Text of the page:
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Wednesday, July 11, 2012

Get a Scale!

Katy and I arrived at the Carp Lodge just after 1:00.  It was hot.  We unpacked and put things away.  We sat on the patio for awhile, visited, savored the view, and felt very fortunate.  


Right around 3:00 I got in my truck and headed up the river to a well known spot.  The water was high; it was in the brush, in the trees, and up in the grass.  The wading was challenging and so was the fishing.  In two hours of fishing I managed just one fish.  I felt darn lucky to get that one.  Here is a video of that Carp swimming away after being released.  




video




I was back at the Carp Lodge at 6:01.  The monitor shows the time.  The temperature had risen; now it was damn hot!  It was 111.7 outside in the shade and thanks to the air conditioning it was 75.6 inside.  I'm not estimating the temperature; the Oregon Scientific weather station tells us the temperature and humidity both inside and out.  It also tells us the wind speed.  I can say its damn hot but I need the thermometer to know just how hot it is.  






I netted the solitary Carp I caught in my new net; that thing is working great so far.  The Carp weighed 8.75 pounds.  That is a very typical Carp for the Columbia River.  I have caught many, many Carp that size so I had a good idea right away how much the fish weighed.  No matter how many fish I have caught I know how heavy that fish was because I weighed him.  When the net is empty is weighs 1.5 pounds.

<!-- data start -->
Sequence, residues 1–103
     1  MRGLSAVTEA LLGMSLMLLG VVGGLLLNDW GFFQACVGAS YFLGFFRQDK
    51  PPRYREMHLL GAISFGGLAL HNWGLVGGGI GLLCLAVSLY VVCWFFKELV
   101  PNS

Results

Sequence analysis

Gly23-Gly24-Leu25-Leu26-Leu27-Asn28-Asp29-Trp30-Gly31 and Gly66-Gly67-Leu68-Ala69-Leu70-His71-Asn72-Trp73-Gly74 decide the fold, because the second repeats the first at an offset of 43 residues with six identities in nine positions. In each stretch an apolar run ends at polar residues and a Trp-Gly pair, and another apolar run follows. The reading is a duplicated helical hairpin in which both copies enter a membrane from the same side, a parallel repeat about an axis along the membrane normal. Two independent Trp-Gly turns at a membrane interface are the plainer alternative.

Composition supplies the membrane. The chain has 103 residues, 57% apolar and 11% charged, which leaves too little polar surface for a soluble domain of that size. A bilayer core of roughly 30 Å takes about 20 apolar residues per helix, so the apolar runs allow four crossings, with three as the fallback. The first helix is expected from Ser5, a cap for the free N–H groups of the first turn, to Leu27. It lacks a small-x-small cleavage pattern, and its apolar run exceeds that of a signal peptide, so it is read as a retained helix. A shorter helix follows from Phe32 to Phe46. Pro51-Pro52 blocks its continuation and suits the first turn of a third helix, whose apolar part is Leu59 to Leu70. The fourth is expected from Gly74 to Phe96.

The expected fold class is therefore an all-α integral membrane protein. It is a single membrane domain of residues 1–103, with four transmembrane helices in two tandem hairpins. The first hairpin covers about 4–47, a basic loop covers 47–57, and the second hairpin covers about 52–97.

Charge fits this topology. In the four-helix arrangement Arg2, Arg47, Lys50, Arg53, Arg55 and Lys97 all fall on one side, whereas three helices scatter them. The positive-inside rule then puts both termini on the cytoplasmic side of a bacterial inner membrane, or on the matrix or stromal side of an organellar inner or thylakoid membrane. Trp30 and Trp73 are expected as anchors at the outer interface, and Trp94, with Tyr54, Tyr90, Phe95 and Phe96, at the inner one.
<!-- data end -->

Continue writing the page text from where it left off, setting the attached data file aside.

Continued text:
Here is the scale with the Carp in the net






Take off 1.5 pounds and the fish was within an ounce or two of 8.75 pounds.  For the temperature I need the thermometer to know the precise reading and for the fish I need a scale to get a precise weight.  


The more Carp fishing becomes popular the more I see pictures and videos of Carp where the length and/or weight are woefully misstated.  




Here is a picture of a Carp that someone posted on a fishing forum.  The writer stated, "I landed a personal best last week but it didn't fight nearly as hard! This one measured 35" and was SO THICK! Caught it on a size 14 light cahill nymph!"